When  Obama came out on the stage set with a facsimile of the White House as a backdrop, almost all of the stadium crowd stood up and rhythmically cheered his name.  Yes – these people wanted THIS change: to see a Democrat in the White House – to see a person of color in office.  Viewers at home watched an Obama smile, nod and wave at the crowd.  They heard him say “Thank you,” over and over again.  Many in the home audience wondered why he wouldn’t start talking.  What they did not hear or see, however, was that the crowd would not be stifled.  The 80,000+ revellers waved flags with an intensity that surpassed any previous display of nationalism.  In the end, despite a lusterless speech, fireworks flared into the night in orgasmic climax and the crowd marvelled at the promise of a Democrat in the Oval Office.

The afterglow was short-lived, however. The very next morning, John McCain stole primetime focus when he  announced his Vice-Presidential nominee, the sharp-winking, Annie Oakley of Alaska, Governor Sarah Palin.  Where had this woman come from?  Republican pundits had accused Obama as coming out of central casting; Palin was McCain’s nifty response.  Game was on.

I flew out that afternoon next to a reporter on her way to St. Louis, where I was also stopping for a couple of days before the RNC Convention.  I asked her what she thought of Palin’s entry into the game. She responded without hesitation, “This ploy to win Hillary voters won’t work. How dumb do they think women are?”   I wasn’t as certain that’s how this blip was going to be viewed, since I had met a few Hillary girls in Denver who aimed to see a woman in the executive office before they died.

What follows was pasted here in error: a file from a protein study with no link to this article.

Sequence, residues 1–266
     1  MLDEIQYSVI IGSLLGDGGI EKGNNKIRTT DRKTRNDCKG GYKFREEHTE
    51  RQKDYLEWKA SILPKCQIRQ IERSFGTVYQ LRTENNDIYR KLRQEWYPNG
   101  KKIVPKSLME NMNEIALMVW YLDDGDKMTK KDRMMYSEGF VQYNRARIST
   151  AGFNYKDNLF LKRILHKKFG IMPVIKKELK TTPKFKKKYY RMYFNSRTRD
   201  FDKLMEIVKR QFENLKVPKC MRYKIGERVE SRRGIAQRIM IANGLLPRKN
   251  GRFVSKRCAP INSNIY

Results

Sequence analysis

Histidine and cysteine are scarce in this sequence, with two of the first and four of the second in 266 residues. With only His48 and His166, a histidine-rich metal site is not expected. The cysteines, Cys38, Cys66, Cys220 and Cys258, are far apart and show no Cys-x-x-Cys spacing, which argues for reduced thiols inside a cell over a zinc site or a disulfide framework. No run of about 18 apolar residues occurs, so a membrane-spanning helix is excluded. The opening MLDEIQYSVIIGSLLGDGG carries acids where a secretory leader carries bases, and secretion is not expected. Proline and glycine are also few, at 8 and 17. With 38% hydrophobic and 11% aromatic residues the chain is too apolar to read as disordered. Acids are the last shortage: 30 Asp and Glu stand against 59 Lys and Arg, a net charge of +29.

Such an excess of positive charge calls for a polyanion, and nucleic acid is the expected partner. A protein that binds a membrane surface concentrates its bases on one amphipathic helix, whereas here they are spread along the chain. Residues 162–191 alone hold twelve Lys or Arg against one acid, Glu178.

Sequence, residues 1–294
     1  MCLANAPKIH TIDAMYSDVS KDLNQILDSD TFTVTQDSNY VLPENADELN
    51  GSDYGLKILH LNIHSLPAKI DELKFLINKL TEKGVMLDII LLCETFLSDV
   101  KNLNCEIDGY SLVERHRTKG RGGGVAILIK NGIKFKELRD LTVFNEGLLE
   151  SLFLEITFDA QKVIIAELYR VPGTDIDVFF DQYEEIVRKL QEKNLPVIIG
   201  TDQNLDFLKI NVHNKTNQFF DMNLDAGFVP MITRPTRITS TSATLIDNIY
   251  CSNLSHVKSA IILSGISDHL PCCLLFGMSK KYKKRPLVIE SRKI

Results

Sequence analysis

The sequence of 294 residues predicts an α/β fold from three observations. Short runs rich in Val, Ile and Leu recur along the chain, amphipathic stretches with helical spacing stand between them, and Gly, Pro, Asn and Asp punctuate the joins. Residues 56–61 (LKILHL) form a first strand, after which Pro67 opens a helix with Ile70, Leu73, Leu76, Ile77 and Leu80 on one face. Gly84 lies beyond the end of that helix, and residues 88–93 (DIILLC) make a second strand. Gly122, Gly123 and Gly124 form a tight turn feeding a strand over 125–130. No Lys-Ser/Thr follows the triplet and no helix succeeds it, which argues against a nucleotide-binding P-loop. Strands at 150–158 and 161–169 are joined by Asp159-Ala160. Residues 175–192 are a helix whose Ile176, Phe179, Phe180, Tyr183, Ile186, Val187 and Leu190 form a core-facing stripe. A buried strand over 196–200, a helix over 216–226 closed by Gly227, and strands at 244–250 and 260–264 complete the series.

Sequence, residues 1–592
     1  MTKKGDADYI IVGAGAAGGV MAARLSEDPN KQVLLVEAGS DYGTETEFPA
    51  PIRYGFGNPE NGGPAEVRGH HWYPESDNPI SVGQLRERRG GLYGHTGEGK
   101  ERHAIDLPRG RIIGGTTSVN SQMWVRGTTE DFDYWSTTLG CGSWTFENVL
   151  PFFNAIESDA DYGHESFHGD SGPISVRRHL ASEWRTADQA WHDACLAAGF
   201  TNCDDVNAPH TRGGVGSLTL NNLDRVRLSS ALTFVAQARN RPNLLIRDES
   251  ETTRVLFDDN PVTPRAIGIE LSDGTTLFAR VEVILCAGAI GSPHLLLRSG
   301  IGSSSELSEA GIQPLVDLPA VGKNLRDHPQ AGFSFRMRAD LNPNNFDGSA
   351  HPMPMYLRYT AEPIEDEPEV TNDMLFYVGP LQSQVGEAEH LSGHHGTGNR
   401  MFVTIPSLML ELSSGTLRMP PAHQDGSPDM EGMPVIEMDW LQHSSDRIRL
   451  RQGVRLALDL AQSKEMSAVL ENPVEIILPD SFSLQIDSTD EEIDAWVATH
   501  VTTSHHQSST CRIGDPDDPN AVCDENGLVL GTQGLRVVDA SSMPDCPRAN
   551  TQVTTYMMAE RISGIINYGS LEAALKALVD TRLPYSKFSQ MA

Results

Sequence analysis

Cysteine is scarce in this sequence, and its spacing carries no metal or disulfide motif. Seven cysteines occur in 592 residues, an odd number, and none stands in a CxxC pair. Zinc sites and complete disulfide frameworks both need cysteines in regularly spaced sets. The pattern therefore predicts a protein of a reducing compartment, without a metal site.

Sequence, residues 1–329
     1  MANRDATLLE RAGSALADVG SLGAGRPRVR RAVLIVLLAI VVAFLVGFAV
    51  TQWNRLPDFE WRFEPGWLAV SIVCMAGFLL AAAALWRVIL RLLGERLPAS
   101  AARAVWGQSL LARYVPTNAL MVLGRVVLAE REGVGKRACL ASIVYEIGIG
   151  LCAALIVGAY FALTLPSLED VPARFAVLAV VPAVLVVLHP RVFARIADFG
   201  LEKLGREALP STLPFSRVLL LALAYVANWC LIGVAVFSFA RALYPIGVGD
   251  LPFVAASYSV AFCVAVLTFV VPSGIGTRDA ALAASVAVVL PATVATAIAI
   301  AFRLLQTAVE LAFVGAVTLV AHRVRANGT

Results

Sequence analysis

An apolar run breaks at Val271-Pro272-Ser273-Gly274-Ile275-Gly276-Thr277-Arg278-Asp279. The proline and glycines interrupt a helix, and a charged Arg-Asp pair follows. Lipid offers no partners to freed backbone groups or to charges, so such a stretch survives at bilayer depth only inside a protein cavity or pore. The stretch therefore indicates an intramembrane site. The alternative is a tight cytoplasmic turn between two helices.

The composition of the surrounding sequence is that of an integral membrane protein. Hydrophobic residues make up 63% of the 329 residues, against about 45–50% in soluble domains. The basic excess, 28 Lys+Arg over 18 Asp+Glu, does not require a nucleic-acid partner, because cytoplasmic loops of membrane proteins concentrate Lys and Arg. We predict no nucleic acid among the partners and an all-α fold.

Before heading to the Twin Cities for the RNC convention, I learned that police had conducted pre-emptive raids on the homes of several protest organizers and media activists.  On Monday,  the renowned alternative news journalist from “Democracy Now”, Amy Goodman had been arrested along with two of her colleagues.  I had just spoken with her in Denver.  I couldn’t believe it.  Though she was quickly released, I realized that that could easily be me and I wouldn’t have the clout to get myself out of jail so quickly.  The notion that I was entering such a danger zone was at once frightening and exciting. I gathered together tear gas remedies, a slicker and a bandanna, hoping that these incidental defenses would keep me free of an assault.

And while tear gas and pre-emptive attacks had some protesters stepping back the ante, nothing short of a natural disaster could keep President G W Bush from this year’s convention.  Fortunately for everyone, another stormy guy with a “G” name (Gustav not George) stirred up enough bluster to give Bush and Veep Dick Cheney a laudable excuse for not appearing.  McCain’s campaign, which had been purposefully distancing itself  from the current administration, was relieved, but so were the people of St.Paul-Minneapolis who felt as though their nice town with nice folk had been overrun by strangers.